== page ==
1932: "In early June, R.C. Burgess, Ranger, is working on a four and a half mile telephone line to the summit of Pistol Butte and if the weather conditions continue the brush removed from the site will be burned." (source lost)
August 13, 1932: "A 30 foot tower for the lookout house approved for Pistol Butte, in the La Pine district, will be started in about a week. It will be necessary to haul material to the top of Pistol Butte with horses or a tractor." (The Bend Bulletin)
1933: A 20-foot round timber tower with a 14x14 L-4 hip-roof lookout cab was completed at a cost of $1,172.94.
June 16 & 27, 1933: Panorama photos taken by Robert Snyder.
June 19, 1933: "Mr. and Mrs. Frederick H. Vogel were married last Saturday night and will spend the summer on Pistol Butte, where Vogel is to be stationed as a forest service lookout." (The Bend Bulletin)
August 5, 1933: "Using his fire finder, Fred Vogel, lookout on Pistol Butte, took a “shot” at the full moon last night and confirmed the statement of astronomers that the earth’s attendant orb has a diameter well in excess of 2000 miles. Vogel didn’t doubt the data of astronomers, for he is a former Carnegie Tech student, but he had a desire to try out his fire finder on some distant object that is really distant. The moon last night happened to be about 238,840 miles away. Despite this great distance, Vogel came within 65 miles of calculating the exact diameter of the moon, 2,162 miles, with his fire finder. In taking his reading of the moon, Vogel used the same system lookouts use in estimating the diameter of a fire blazing in the midstate woods, the tangent offset being calculated from the angular difference of readings. Although he closely calculated the diameter of the moon, Vogel did not submit any figures as to the time it would take a Deschutes fireman to reach the satellite providing a fire were found burning near one of the craters. (The Bend Bulletin)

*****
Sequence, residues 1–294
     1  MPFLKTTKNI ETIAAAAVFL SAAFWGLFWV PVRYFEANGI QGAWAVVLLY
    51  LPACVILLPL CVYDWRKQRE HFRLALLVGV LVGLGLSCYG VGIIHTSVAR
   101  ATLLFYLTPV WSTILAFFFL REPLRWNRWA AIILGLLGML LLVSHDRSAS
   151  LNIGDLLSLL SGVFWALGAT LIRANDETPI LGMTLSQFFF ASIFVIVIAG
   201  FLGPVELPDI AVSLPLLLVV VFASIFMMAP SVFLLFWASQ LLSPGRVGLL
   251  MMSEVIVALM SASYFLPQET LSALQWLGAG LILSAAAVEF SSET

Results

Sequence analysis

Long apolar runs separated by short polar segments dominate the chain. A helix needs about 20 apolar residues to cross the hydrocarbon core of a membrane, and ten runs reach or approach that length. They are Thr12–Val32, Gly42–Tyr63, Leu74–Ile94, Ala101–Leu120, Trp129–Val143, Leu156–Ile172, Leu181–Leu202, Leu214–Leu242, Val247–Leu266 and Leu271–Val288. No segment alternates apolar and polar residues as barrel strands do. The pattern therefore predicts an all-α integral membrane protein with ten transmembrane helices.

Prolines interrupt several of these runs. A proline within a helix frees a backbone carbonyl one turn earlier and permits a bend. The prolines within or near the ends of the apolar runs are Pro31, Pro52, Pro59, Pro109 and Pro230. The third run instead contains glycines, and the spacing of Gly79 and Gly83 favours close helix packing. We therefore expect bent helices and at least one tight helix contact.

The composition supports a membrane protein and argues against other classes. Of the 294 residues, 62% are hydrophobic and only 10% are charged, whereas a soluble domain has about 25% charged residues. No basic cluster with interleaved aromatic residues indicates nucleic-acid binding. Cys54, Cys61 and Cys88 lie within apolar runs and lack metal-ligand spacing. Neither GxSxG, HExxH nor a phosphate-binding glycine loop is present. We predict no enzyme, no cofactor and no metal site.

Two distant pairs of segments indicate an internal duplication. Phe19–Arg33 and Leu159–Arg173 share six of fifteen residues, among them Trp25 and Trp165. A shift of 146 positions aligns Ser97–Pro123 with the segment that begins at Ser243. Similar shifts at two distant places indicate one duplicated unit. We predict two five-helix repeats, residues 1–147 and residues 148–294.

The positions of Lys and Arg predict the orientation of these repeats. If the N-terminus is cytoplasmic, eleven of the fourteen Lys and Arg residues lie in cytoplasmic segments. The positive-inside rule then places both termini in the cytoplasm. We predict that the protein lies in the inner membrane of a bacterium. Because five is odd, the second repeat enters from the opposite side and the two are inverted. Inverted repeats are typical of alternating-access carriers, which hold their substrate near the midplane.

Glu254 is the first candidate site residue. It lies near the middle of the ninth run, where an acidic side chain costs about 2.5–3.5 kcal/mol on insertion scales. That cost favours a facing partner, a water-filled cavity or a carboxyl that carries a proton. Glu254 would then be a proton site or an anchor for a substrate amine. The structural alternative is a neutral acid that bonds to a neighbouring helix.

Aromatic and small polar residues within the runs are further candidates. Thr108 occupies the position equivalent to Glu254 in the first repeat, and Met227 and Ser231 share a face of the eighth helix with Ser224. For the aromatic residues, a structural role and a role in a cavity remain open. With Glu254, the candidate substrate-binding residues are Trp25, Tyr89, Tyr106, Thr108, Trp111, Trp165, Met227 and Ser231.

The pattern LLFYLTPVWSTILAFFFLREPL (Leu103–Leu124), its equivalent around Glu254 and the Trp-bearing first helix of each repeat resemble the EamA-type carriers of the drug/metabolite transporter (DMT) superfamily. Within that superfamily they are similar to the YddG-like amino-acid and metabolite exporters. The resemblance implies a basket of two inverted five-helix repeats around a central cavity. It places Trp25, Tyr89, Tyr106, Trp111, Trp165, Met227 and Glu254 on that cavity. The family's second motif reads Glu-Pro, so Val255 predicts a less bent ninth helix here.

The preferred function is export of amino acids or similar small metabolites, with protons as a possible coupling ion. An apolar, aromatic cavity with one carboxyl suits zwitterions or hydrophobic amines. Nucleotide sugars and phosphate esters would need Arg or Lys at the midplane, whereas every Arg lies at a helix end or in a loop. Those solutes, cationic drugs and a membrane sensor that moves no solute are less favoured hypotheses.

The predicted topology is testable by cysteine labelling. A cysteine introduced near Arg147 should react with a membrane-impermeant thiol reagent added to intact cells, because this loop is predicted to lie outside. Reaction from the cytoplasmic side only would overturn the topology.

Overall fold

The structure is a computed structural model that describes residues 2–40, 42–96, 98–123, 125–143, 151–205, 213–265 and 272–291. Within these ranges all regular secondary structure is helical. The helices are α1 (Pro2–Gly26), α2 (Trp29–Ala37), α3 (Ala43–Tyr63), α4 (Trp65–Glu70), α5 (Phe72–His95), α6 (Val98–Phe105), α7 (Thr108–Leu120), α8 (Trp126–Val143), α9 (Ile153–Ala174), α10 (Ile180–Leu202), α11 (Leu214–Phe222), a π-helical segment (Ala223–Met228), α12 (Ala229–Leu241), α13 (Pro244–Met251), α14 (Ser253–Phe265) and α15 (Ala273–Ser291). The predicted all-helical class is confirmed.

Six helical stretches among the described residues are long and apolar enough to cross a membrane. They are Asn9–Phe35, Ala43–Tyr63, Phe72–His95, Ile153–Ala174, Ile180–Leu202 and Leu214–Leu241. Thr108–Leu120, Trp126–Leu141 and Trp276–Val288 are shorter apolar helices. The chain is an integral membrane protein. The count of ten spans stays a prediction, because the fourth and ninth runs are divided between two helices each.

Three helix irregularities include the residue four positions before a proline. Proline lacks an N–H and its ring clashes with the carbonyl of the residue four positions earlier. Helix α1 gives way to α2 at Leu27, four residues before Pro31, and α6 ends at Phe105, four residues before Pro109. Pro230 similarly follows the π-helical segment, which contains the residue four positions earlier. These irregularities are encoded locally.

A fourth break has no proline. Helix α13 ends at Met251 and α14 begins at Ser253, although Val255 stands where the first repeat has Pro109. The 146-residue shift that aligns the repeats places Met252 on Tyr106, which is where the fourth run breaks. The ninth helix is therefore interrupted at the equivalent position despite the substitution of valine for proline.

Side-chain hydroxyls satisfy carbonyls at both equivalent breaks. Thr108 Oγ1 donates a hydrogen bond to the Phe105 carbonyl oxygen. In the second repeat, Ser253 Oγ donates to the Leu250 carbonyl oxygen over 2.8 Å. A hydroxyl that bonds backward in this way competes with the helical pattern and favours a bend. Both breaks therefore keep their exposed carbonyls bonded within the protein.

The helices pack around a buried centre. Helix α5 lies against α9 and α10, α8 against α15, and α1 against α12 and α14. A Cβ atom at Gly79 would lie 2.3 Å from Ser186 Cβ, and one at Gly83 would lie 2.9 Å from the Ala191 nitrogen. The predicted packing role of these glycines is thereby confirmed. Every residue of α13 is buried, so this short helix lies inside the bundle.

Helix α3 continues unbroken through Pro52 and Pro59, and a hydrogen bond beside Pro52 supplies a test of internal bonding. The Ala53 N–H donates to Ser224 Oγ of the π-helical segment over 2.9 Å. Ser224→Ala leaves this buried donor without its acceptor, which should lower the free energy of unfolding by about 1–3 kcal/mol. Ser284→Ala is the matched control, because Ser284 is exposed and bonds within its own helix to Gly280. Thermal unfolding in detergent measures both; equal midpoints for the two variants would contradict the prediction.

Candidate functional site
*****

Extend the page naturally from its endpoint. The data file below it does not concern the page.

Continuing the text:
1954: Lookout training was conducted this year at the tower.